Michael Jordan is arguably the best basketball player of all time.
We all know about the god-like status and the exceptional career that MJ had. We all know about the global icon and cultural phenomenon he became.
We all know about the NBA championships, the MVP and Finals MVP awards, the All-Star selections, and the Olympic gold medal. We all know about the 63 in the Garden, the 72-10 season, The Shot over Ehlo, The Shrug, The Flu Game, and The Last Shot.
But not everyone appreciates the second time he came out of retirement and played two seasons for the Washington Wizards. People act like that chapter of Jordan's career didn't it even happen. Like how people forget Amy Adams was a purse saleswoman in The Office.
When rumors of MJ's return came out in 2001, many were convinced he was washed up and that he would be just ruining his legacy by coming back. But, as he said, there was an "itch" that needed scratching. MJ wanted to return to the game he loved and wanted to test himself against the next crop of elite NBA talent.
In his first press conference as a member of the Wizards, he said:
"You say the young dogs are going to chase me around. Well, I’m not going to bark too far away from them either. I’m not running from nobody. If anything, it’ll be a great challenge for me. I’m not saying I can take Kobe Bryant, or I can take Tracy McGrady. You guys are the ones saying they can take me. That's all good and fine. I’m pretty sure they’re sitting back welcoming the challenge. Guess what? I’m sitting back welcoming the challenge, too."
Michael Jordan was a step slower, yes. But he was still Michael Jordan. And he still balled out.
Michael Jordan wasn't as dominant as when he was still running the show in Chicago, but he did put up All-Star numbers in his two-season stint in Washington.
- 2001-02 season: 22.9 points (42% FG), 5.7 rebounds, 5.2 assists, 1.4 steals
- 2002-03 season: 20.0 points (45% FG), 6.1 rebounds, 3.8 assists, 1.5 steals
Those are CJ McCollum and Shai Gilgeous-Alexander-type numbers. Not eye-popping, but still pretty good. To put things in perspective, in the 2001-02 season, Kobe Bryant was the only other player in the league dropping 25-5-5. But you need to consider the fact that MJ was doing this in his late 30s.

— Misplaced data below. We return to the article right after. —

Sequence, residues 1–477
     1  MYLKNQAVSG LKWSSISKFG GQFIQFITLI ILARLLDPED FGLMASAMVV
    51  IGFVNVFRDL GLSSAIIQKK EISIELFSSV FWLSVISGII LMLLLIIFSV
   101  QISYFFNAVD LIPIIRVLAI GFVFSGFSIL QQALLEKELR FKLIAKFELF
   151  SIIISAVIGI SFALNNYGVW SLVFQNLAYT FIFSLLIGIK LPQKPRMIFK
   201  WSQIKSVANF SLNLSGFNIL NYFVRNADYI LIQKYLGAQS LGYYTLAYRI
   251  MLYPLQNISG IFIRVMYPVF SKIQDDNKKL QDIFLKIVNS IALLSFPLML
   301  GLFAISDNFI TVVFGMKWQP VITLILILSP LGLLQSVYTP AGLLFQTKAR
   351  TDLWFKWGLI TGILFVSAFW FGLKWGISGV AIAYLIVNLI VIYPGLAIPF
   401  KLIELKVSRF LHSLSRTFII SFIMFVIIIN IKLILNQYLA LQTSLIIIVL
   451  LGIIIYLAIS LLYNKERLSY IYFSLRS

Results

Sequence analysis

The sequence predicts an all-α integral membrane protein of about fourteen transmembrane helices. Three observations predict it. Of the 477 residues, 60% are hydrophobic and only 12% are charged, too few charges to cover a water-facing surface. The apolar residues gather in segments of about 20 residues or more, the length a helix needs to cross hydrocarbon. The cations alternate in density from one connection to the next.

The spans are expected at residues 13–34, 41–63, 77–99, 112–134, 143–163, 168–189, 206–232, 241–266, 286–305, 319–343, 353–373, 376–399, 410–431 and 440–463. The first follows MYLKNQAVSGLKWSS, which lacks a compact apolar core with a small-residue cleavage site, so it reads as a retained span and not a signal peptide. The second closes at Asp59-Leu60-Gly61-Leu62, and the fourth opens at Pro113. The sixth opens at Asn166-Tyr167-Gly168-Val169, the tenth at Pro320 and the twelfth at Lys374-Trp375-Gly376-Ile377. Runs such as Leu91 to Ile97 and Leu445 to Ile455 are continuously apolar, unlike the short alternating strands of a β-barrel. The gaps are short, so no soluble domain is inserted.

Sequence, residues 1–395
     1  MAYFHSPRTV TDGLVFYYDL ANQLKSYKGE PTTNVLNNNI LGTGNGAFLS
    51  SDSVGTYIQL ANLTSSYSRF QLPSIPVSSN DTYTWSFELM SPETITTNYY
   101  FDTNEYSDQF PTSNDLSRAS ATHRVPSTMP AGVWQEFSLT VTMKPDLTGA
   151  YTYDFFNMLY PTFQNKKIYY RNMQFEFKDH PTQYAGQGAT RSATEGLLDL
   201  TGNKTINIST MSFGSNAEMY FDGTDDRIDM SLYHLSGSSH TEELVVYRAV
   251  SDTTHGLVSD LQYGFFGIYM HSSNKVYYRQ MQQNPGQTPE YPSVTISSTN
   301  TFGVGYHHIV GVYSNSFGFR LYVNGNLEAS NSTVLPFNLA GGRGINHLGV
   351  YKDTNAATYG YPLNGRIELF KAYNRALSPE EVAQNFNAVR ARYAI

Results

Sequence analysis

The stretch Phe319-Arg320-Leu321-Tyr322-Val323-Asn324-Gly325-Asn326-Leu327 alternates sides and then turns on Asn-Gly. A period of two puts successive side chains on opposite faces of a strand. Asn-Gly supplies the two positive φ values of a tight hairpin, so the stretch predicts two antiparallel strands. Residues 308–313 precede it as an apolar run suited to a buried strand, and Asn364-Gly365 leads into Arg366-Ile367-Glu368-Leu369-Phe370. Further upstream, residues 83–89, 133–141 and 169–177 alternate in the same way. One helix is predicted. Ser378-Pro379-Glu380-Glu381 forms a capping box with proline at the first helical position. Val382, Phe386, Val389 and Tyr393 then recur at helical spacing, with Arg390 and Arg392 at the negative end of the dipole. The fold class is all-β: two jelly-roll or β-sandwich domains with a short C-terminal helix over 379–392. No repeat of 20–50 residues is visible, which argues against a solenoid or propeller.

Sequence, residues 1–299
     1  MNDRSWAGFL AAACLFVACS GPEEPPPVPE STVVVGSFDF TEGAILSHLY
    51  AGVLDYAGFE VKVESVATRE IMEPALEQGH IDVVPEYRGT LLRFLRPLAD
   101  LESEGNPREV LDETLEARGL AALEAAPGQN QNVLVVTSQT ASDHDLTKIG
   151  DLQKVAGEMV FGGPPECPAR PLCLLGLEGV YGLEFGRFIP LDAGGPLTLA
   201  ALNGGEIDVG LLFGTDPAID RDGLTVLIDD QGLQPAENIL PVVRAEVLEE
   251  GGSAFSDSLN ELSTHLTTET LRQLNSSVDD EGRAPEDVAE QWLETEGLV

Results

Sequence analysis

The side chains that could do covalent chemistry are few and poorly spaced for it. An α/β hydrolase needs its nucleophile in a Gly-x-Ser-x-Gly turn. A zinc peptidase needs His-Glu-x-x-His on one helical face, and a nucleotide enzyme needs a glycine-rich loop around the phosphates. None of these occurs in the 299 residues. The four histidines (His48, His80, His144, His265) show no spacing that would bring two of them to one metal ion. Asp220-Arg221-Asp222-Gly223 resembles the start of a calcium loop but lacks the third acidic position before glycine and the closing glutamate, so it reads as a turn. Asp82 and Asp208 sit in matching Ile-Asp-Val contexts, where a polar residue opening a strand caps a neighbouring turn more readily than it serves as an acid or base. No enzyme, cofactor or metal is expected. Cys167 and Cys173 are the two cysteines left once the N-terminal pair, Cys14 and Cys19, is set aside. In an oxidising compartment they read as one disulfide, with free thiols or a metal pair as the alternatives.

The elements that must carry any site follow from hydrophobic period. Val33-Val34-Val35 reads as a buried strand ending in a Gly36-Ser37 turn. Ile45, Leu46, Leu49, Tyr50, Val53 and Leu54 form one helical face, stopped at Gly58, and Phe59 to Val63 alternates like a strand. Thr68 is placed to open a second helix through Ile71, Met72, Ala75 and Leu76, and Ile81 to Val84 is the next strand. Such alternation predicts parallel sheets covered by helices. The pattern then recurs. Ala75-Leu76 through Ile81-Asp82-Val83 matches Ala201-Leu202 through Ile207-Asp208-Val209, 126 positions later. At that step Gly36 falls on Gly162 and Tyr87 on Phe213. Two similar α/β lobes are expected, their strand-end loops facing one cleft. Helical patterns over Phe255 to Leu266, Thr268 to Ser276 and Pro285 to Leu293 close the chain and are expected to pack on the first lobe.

Watch any Jordan highlight mixtape and all you'll find are clips (dunks, fadeaways, game-winning shots, etc.) of him in a Bulls uniform. But his time in D.C. also produced several jaw-dropping moments. Let's recall some of the highlights during his Wizards days.
September 25, 2001: I'm back... again. Jordan announced he would return to professional basketball by signing a two-year contract with the Washington Wizards.
December 29, 2001: From worse game to one of the best. After scoring a career-low six points two nights before (which ended his 866-game streak of 10 points or more), the 38-year-old MJ exploded for 51 points against the Charlotte Hornets. FIFTY. ONE. He went 21-of-38 from the field and also had seven rebounds, four assists, and three steals. Like a glitch in The Matrix.
December 31, 2001: Encore. Jordan followed the 51-point game with 45 in a win over the New Jersey Nets. He scored 22 straight points during a six-minute stretch, outscoring the Nets by himself, 22-13. A total of 96 points in two games. Proof that he could still dominate if he wanted to.
January 4, 2002: 30K. "His Airness" lit up his former team with 29 points and eclipsed the 30,000-point career mark.
February 10, 2002: Starting nod. MJ had eight points, four rebounds, and three assists as one of the East's starters in the All-Star Game in Philly. The East, though, lost to the West, 135-120.
January 6, 2003: Still got game. Jordan was named Eastern Conference Player of the Week after averaging 22.3 points and 8.0 rebounds to help the Wizards go 3-1.
January 24, 2003: Jump to 3rd. MJ scored 18 points to move past Wilt Chamberlain and become the third all-time leading scorer in NBA history.
February 8, 2003: Star of stars. In the final All-Star Game of his career, Jordan dropped 20 points to become the NBA's all-time leading scorer in All-Star history.
February 21, 2003: 40 at 40. MJ went for 43 against the Nets, becoming the first NBA player over 40 years old to score 40 or more points in a game.
March 23, 2003: Beast of the East. Jordan was again named Eastern Conference Player of the Week after the Wizards went 3-1. He averaged 24.5 points and 8.3 rebounds in the four games, including a 38-11-6 line against the Houston Rockets that week.
April 16, 2003. End of an era. MJ played in his last NBA game, receiving a long ovation from the crowd upon his final exit. He scored 15 points to wrap his historic career.